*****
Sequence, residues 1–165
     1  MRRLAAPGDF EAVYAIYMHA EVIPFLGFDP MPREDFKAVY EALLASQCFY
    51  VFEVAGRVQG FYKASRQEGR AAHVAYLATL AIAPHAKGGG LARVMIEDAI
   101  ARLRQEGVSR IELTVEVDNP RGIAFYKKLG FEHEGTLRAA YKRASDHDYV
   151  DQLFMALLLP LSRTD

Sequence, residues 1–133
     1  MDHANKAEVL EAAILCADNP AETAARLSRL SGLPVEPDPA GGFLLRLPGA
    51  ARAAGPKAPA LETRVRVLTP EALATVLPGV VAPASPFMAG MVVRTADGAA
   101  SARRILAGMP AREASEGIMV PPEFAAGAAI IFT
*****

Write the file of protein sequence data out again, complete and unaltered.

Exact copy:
Sequence, residues 1–165
     1  MRRLAAPGDF EAVYAIYMHA EVIPFLGFDP MPREDFKAVY EALLASQCFY
    51  VFEVAGRVQG FYKASRQEGR AAHVAYLATL AIAPHAKGGG LARVMIEDAI
   101  ARLRQEGVSR IELTVEVDNP RGIAFYKKLG FEHEGTLRAA YKRASDHDYV
   151  DQLFMALLLP LSRTD

Sequence, residues 1–133
     1  MDHANKAEVL EAAILCADNP AETAARLSRL SGLPVEPDPA GGFLLRLPGA
    51  ARAAGPKAPA LETRVRVLTP EALATVLPGV VAPASPFMAG MVVRTADGAA
   101  SARRILAGMP AREASEGIMV PPEFAAGAAI IFT